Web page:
Principles of Economics- Mankiw (5th) 411

Principles of Economics- Mankiw (5th) 411 - CHAPTER 19 E A...

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CHAPTER 19 EARNINGS AND DISCRIMINATION 423 CASE STUDY HUMAN CAPITAL, NATURAL ABILITY, AND COMPULSORY SCHOOL ATTENDANCE Does attending school increase wages because it increases productivity, or does it only appear to increase productivity because high-ability people are more likely to stay in school? This question is important both for judging the various theories of education and for evaluating alternative education policies. If economists could conduct controlled experiments like laboratory scien- tists, it would be easy to answer this question. We could choose some experi- mental subjects from the school-age population and then randomly divide them into various groups. For each group we could require a different amount of school attendance. By comparing the difference in the educational attainment and the difference in subsequent wages of the various groups, we could see whether education does in fact increase productivity. Because the groups would be chosen randomly, we could be sure that the difference in wages was not at-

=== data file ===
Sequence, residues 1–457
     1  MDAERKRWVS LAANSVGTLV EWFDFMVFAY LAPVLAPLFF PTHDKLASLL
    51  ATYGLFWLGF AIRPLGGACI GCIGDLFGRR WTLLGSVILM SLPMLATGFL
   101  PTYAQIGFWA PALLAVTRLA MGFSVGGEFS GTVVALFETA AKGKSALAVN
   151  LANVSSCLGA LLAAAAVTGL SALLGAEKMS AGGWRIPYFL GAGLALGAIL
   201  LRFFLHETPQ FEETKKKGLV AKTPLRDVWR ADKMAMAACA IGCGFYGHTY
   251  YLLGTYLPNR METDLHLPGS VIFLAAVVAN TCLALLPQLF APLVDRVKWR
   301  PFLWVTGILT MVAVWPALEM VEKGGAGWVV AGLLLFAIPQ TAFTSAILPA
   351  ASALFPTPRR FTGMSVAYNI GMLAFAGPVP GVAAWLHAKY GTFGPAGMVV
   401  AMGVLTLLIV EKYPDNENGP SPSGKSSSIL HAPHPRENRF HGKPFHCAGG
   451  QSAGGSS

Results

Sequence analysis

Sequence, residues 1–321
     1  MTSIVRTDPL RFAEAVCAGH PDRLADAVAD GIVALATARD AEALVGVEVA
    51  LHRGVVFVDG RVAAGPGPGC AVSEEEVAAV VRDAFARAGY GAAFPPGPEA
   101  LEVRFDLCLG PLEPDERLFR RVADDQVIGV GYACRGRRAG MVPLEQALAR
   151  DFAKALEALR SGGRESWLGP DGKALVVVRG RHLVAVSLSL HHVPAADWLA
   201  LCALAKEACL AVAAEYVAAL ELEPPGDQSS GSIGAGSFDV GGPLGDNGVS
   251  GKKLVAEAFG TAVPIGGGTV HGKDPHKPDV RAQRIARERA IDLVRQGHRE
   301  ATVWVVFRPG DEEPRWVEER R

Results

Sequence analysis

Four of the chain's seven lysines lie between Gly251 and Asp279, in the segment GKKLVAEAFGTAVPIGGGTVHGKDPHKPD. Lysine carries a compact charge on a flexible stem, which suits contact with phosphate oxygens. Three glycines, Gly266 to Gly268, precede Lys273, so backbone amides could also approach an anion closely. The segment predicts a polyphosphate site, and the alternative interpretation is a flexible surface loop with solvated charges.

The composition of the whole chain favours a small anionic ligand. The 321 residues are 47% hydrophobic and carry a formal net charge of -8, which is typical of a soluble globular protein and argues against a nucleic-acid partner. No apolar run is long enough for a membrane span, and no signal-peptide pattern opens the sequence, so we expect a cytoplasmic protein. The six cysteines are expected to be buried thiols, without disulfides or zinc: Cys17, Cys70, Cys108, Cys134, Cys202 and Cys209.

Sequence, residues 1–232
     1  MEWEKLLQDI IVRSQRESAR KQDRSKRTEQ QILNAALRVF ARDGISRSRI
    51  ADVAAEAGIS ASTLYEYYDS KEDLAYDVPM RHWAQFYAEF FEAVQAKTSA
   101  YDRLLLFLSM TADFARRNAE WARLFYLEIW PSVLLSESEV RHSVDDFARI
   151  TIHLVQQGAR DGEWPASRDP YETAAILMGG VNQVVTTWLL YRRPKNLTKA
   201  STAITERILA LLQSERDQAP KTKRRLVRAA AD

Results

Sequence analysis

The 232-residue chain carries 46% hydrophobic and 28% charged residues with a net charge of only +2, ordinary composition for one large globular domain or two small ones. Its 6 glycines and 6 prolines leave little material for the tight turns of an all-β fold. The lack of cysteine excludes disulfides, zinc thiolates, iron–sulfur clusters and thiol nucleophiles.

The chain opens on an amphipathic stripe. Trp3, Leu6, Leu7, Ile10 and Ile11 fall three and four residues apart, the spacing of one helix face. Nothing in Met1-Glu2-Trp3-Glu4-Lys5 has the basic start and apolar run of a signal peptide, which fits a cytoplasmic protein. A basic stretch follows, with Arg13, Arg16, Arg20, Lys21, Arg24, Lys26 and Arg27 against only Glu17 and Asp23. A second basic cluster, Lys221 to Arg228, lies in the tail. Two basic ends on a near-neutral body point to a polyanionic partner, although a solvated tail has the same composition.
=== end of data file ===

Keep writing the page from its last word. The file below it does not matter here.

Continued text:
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This note was uploaded on 07/30/2010 for the course ECON 120 taught by Professor Abijian during the Spring '10 term at Mesa CC.

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